Edited by
Folkert, Atley and Will

Running on
Cargo

Feed
Index


Filter: space  view all

Photographs of the surface of Mars, courtesy of HiRISE
Title: Olaf Stapledon, Star Maker

































Folkert
Photos of the comet 67P/Churyumov–Gerasimenko by the Rosetta spacecraft
Title: Olaf Stapledon, Star Maker















Also: The Singing Comet




Folkert
Photography by Gerald Rhemann
Title: H. P. Lovecraft



NGC 7293 Helix Nebula/Aquarius



M20 M21/SAGITTARIUS



M20




NGC6357/SCORPIUS



Comet C/2009 R1 McNaught June 10 2010 UT 00h30m



NGC 6726



Reflection and Emission Nebulas Scorpius/Ophiuchus



Comet Hale-Bopp April 1997



Horsehead Nebula



Comet Hyakutake at Perihel April 1996



M82 Ursa Major



NGC 4565 Coma Berenices



IC 4592 / Scorpius



NGC3372 overview/CARINA



Atley
3D compositions (concepts for Iron Man 2) by Prologue
Title: Steven Pinker


















Via Motionographer

Folkert


The Vela program was not designed to carry out scientific investigations. Rather, it was initiated to verify the Limited Test Ban Treaty. That treaty had been negotiated between the United States and the Soviet Union and signed in 1963. Its prime purpose was to put a halt to testing of nuclear weapons in space and in Earth's atmosphere. Vela was a set of satellites, launched in pairs in the years 1963 to 1970, that orbited far above the Earth and kept watch for clandestine tests. The program was run by the Department of Defense. What makes Vela interesting from a astrophysical perspective is that the satellites were the first to detect gamma ray bursts. The first of these detections occurred in 1967, but because of the secret nature of the satellite program the detections remained classified until 1973.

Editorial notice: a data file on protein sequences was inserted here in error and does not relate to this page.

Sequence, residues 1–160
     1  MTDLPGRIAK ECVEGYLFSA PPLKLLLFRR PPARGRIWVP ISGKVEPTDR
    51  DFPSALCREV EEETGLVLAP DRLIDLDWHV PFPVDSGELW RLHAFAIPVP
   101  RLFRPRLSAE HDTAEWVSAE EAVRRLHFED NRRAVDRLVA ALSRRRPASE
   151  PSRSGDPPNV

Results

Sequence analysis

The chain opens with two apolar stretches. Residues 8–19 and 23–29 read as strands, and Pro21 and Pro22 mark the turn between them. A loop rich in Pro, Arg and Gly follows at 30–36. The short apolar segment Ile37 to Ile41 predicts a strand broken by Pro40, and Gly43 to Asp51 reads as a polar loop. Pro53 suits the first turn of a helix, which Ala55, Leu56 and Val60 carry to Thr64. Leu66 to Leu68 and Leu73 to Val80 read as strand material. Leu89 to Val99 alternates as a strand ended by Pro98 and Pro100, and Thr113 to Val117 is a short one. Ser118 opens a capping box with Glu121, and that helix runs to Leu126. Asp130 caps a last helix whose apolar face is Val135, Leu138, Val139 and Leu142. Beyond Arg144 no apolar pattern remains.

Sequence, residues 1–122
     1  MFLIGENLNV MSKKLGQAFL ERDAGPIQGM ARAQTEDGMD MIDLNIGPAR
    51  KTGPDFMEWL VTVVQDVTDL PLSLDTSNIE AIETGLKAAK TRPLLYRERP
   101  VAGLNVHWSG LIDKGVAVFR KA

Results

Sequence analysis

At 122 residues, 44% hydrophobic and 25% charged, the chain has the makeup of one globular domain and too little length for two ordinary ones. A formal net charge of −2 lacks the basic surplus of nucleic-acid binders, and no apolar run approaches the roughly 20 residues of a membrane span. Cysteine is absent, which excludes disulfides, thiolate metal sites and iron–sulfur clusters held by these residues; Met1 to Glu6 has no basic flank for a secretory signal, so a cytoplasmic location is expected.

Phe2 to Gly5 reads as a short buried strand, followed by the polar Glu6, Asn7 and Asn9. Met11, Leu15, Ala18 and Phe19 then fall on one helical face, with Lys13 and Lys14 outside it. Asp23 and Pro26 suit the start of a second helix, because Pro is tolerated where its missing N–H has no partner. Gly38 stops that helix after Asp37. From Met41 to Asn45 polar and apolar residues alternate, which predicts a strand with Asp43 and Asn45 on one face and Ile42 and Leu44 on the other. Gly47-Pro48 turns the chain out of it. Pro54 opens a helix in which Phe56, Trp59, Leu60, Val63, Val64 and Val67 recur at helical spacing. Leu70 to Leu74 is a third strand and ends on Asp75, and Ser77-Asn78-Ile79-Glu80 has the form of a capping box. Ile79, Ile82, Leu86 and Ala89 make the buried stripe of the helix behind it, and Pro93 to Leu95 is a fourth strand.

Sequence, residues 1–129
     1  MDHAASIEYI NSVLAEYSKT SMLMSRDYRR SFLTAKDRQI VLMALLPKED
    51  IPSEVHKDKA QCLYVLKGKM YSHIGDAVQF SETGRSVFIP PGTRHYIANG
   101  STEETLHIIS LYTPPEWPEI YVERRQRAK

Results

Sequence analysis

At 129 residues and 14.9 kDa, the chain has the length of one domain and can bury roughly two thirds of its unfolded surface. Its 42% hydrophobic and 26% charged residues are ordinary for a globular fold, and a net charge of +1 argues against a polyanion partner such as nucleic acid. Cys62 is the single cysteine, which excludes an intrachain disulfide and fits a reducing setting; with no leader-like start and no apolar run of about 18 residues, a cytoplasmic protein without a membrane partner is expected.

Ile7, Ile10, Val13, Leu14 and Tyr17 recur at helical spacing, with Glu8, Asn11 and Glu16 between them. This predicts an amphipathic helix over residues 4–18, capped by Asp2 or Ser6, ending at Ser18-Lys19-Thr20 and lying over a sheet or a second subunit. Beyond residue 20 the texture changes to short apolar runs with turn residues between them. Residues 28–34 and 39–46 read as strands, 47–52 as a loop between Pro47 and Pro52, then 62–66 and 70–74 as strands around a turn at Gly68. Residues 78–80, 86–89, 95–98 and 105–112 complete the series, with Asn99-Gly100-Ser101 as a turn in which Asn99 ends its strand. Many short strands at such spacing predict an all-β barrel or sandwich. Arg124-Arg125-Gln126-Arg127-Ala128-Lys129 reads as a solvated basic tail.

Atley
 
  Getting more posts...